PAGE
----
“Should Old Pope Leo Die: the political tendencies of his successor. The Cardinal who would probably win the prize – his Polish supporter – affairs in France and
January 23, 1892
A prophetic understatement.
The Papacy since 1870 has been in a position where practically everything turns upon the personality of the Pontiff and his choice of advisers. There can be no more mediocre Popes under whose nominal guidance matters can go on in commonplace routine. Every successor of Peter now must make a big mark in the history of the Church for good or bad. If he is not very strong, he will be found lamentably weak. There is no longer any middle course.
Leo has been one of the strong kind. His fourteen years of reign have been devoted to building a new sort of Papacy beside rather than upon the ruins of the old structure. Considering the great difficulties and obstacles in the way of his task, proceeding even more from within than without, the result is exceptionally successful. Perhaps the outcome of his labors is best described by saying that he has shown those who thought the Papacy need no longer be taken into account in the world’s affairs because
has been wrestled from it that they were profoundly mistaken. The Vatican to-day wields far greater influence in Rome Europethan it has done before since the French Revolution.
But it is a peculiarly personal influence. The next Pope will inherit only the opportunities of securing it for himself, and failing to improve these will be vastly easier than success.
It seems to be taken for granted that Cardinal Raphael Monaco la Valetta [b. February 23, 1827- d. July 14, 1896] will secure the succession. He is the doyen of the Sacred College and Secretary of the Inquisition- an amiable, unambitious priest of sixty-five, who has the very slenderest notions of or interest in the general European situation. He is extremely simple in his tastes, is not in the least stirred by all the great outside social and political problems with which Leo has striven to grapple as a sacerdotal Tory. By temperament he always belonged to the conservative wing of the college. He will assume the tiara, if elected, as its representative and opposed to the small liberal group headed by Cardinal Parocchi. If he stood by himself there would be no risk in predicting that this would be a reign under which the Papacy would lose more prestige than Leo gained for it.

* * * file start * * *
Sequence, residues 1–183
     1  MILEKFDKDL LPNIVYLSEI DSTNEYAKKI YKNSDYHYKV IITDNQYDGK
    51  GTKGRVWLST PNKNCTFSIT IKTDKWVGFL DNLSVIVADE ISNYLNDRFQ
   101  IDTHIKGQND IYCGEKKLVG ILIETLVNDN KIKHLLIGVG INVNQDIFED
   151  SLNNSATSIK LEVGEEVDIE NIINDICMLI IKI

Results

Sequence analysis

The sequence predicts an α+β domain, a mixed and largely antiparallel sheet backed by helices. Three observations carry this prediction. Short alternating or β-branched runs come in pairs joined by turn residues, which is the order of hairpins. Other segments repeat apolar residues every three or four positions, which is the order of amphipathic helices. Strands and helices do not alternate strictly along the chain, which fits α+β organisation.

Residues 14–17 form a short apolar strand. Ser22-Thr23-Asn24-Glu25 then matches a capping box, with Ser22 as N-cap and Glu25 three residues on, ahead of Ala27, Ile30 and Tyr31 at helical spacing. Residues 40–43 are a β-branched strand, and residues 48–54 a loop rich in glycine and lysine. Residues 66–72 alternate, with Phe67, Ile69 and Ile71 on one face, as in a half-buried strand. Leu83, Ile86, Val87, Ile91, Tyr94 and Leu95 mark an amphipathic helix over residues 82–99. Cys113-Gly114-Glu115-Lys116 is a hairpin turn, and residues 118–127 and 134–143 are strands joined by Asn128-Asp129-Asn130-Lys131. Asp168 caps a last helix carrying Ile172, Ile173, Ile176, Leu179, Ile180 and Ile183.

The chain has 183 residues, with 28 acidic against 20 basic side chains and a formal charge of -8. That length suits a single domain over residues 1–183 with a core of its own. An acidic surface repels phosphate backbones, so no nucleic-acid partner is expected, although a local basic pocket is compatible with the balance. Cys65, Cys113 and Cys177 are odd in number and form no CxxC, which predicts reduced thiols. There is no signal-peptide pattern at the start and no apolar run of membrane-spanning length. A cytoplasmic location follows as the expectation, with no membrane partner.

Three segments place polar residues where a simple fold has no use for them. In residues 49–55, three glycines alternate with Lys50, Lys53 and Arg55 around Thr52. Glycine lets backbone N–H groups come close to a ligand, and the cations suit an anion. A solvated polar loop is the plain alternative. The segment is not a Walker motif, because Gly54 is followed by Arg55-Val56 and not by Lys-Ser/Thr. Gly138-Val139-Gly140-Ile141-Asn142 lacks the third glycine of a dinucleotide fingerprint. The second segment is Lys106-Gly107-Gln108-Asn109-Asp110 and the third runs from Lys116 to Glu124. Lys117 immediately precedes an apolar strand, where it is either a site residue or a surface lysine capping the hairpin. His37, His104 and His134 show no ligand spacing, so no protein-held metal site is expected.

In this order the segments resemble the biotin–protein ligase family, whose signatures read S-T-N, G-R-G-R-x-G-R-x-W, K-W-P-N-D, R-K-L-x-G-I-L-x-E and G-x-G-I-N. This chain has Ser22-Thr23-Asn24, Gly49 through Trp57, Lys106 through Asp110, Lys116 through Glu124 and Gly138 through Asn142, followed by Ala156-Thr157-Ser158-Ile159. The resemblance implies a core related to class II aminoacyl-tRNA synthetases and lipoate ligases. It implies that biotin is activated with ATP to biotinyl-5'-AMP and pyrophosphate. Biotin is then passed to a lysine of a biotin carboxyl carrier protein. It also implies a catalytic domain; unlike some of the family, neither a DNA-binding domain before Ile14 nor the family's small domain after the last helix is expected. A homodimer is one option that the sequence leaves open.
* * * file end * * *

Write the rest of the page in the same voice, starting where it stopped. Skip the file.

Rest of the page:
It is very well understood, however, that
Monacois entirely under the control of Ledochowski, that proud, imperious, and able Pole who made such worlds of trouble in the old Kulterkampf day and who has been able to impose his will very often upon even the present Pope. This powerful man was in a German prison when Pius IX created him a Cardinal in 1875. Next year he was released and banished, and he has since lived in Bismarck , devoting his great wealth and talents to building up a militant Ultramontagne party about him. His wrath at the treatment he received at the hands of Rome has colored all his political views. He has hated both Bismarck Germanyand Italyand has looked unceasingly forward to the time when French bayonets should restore the temporal power of the Vaticanin the old . Roman States
If we assume that this spirited and resolute prelate will shortly be ruling the Church through its nominal head, it becomes a most anxious question how he will accept the existing political conditions of
Europewhich have so radically changed since 1875. The new rulers of the Germans have been at pains to show their desire to abolish the last traces of the Kulterkampf. When the pending Prussian Education bill is passed, the German Catholics will be actually stronger than they were before the May laws. During the last half year these dispatches have frequently reflected the new interest which William and his immediate entourage are displaying in the Polish question. Of course a good deal of this has arisen naturally from the contemplation of the necessity of sooner or later fighting Russia: but even more it represents the effort to allure Ledochowski into friendship with by an appeal to his national sentiment. How far this has succeeded will be, as has been said, a most anxious question. Germany
In any event under this new regime there would be an abrupt cessation of pastorals on Socialistic and labor problems and of poems about St. Thomas Aquinas. We should instead see the
boldly embark upon the troubled waters of European diplomacy, seeking alliances and taking desperate risks upon the fortune in the next war. Vatican
Wlodimir (Vladimir) Ledochowski According to Tupper Saussy